Kate Courtney needs little introduction. The 23-year-old American has quickly risen to the top of the sport, taking the UCI cross-country World Championships title in her first year racing elite, making her the first American to land in that spot in 17 years. Kate's attention to detail and her work ethic make it likely that we'll see her on top of the podium for years to come.
This year, Kate sees a big change as she carries over the rainbow stripes from Specialized, where she has been on their team for several years, to the Scott-SRAM team. It's a pretty big change, but it puts her in good company, with none other than Nino Schurter as her teammate and fellow World Champion. Kate's mechanic, Brad Copeland, joins the team as well and they're undoubtedly looking to carry the successful formula they've established into the new season.
I had the chance to catch up with Kate and Brad last week in Sedona, Arizona, to get the lowdown on Kate's new bike and how the transition to new gear and the new team is going. I'd say that as good as it seems that things were last year, they're only better heading into 2019.
Kate's bike is a standard small-sized frame, but there have been several modifications made to it to suit her better. From custom dropper remotes to high-volume air cans, Kate's Contessa Spark RC is unique and it's obvious that every detail has been attended to.
Although Kate is on a stock size small frame, there are a number of things that are a little more than just "off the shelf" going on with her bike. There's a new RockShox RLC Nude shock on the back. In the past, the team had been running an unbranded Fox shock while RockShox was developing this one which has only been around for a short time now. RockShox has been working with the riders on getting the bikes dialed in, and this shock has the DebonAir large-volume can on it to get the most sensitivity out of it as possible.
The fork is also the new SID Ultimate. The internals have been revised to address some issues in the past to help increase the service interval time, and there's also increased volume in the air side to help with the sensitivity.
There are two tokens and 66psi in the fork, and out back there's one and a half spacers and 97psi in the rear shock. Moving from the Brain system on Kate's previous race bike to Scott's Twin-Loc has been an adjustment, but Kate and Brad both say that it's been a positive experience.
Kate explained she likes having full control over when and what is and isn't locked out on the bike. She says that as a lighter rider, learning how to use the suspension most effectively has been really helpful in racing and training and it has been helping her with getting back time on descents.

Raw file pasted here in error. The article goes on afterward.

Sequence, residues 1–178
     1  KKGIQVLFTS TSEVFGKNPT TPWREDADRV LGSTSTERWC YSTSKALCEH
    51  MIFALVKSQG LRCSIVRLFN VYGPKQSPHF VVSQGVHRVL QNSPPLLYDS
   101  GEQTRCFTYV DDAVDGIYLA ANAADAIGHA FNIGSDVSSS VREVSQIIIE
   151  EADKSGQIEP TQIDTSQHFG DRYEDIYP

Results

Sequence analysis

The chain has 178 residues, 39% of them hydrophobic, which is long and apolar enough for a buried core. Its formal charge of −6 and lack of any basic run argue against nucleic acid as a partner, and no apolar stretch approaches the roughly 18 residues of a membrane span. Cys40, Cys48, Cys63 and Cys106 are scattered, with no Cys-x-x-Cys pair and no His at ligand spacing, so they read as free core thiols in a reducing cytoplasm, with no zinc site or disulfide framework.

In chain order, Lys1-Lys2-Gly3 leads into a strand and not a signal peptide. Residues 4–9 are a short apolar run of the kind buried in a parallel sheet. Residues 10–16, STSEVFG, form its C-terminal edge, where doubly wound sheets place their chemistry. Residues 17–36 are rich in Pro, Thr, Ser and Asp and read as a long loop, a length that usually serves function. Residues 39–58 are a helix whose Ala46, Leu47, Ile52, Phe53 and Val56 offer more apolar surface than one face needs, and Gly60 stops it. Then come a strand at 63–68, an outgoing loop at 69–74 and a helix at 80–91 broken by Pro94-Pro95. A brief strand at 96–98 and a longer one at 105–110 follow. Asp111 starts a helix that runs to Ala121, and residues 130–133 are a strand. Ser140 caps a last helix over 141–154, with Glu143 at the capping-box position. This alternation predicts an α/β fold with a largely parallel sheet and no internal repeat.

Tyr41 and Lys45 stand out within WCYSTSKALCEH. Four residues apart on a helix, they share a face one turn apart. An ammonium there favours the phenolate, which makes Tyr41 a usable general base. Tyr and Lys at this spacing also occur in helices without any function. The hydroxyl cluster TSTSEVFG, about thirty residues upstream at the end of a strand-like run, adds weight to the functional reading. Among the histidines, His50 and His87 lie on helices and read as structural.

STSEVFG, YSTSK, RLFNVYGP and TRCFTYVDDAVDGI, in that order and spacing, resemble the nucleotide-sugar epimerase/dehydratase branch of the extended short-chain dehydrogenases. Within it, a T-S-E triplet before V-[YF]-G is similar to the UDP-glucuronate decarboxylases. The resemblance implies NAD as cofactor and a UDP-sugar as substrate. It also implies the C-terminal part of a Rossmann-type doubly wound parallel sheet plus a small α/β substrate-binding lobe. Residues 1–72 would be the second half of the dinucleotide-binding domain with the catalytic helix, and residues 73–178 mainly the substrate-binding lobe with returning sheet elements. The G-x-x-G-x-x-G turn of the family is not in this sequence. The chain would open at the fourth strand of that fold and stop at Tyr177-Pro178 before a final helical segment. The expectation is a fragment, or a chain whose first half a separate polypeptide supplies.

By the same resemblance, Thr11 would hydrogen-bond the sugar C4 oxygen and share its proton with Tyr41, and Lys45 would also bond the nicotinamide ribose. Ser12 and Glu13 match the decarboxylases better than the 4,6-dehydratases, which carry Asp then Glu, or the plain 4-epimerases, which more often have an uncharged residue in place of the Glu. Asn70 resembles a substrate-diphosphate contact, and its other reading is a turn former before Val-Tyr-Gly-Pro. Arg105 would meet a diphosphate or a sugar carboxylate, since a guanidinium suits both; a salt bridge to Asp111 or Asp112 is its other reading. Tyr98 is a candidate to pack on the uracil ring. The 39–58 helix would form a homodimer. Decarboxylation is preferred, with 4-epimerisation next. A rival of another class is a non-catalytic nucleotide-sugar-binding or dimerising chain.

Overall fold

For tires, the Kate is now on Maxxis. Her current set up is a pair of Rekon Race 2.25" with EXO casings. With the new tires, she's been running lower air pressures than previously and has had a lot of success with that as well. They have opted to not use the lightest casing for durability as a flat would cost far more time than a few grams of increased puncture resistance.
Kate just got on the new SRAM AXS system and is happy with it, even though she hadn't touched or ridden it until about a month ago at their training camp. The thing that Brad says is one of the huge benefits of the AXS is that there's very little effort required to shift.
At the end of a bike ride, it's noticeable that you don't have to put much effort into the shift; it's like clicking a mouse on a computer and it's not something they considered being a benefit until now.
There's a SRAM blip button integrated into Kate's left grip for her dropper post. It's set up on her handlebar now but will be in the downtube as soon as longer wires are available. Kate's hands are small so having the dropper lever and the twin-loc on the bars was tricky. Having the blip integrated helped a ton with this, especially since she's using a dropper post more and more. The button works as easy as just squeezing the grip, and the transmitter is currently on the bar but there's a more integrated set-up in the works.
Slowing Kate down are SRAM's Level Ultimate brakes. The brakes on the bike look to be an updated version as there is no banjo from the caliper to the hose, rather a direct fitting. I would suspect this is to make for one less place for air bubbles to hide and to increase reliability.
Kate and Brad both seem very happy with the Syncros Fraser iC handlebar. It took a while to figure out the set-up with the sweep and design being quite different from a standard two-piece handlebar and stem, but they settled on a 90mm effective stem length with the sweep.
The paint on Kate's bike is "pretty sparkly," as she says. She claims to have had some influence on the "boys' bikes" as well and apologizes for the number of sparkles. Top level racers often have custom touches, and Kate says that all of the special bits on the bike and with her gear make her feel valued as a rider.
Kate says her spirit animal is a shark, and it's been incorporated on her bike. Kate has always been a huge shark fan and loves watching 'Shark Week.' It's a fun thing, she says, but it's also how she feels when she's racing - always lurking just below the surface but ready to go when it's time and attacking; just like a shark.
While a lot of the changes made have been big jumps from her last set up, they've been very smooth and she's settling right into the new bike. We'll soon see how these translate over to the race track as the World Cup season gets underway.